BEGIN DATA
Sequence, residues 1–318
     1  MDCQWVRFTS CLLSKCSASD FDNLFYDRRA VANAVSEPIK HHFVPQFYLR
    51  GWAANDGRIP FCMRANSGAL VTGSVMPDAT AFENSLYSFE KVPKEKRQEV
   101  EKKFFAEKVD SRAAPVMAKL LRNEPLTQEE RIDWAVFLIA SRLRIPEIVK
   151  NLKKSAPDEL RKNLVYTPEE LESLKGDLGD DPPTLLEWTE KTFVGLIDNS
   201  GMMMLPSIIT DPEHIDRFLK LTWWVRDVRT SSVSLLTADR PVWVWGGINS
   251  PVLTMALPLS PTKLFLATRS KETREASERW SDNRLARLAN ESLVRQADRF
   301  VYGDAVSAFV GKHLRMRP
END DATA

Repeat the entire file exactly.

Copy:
Sequence, residues 1–318
     1  MDCQWVRFTS CLLSKCSASD FDNLFYDRRA VANAVSEPIK HHFVPQFYLR
    51  GWAANDGRIP FCMRANSGAL VTGSVMPDAT AFENSLYSFE KVPKEKRQEV
   101  EKKFFAEKVD SRAAPVMAKL LRNEPLTQEE RIDWAVFLIA SRLRIPEIVK
   151  NLKKSAPDEL RKNLVYTPEE LESLKGDLGD DPPTLLEWTE KTFVGLIDNS
   201  GMMMLPSIIT DPEHIDRFLK LTWWVRDVRT SSVSLLTADR PVWVWGGINS
   251  PVLTMALPLS PTKLFLATRS KETREASERW SDNRLARLAN ESLVRQADRF
   301  VYGDAVSAFV GKHLRMRP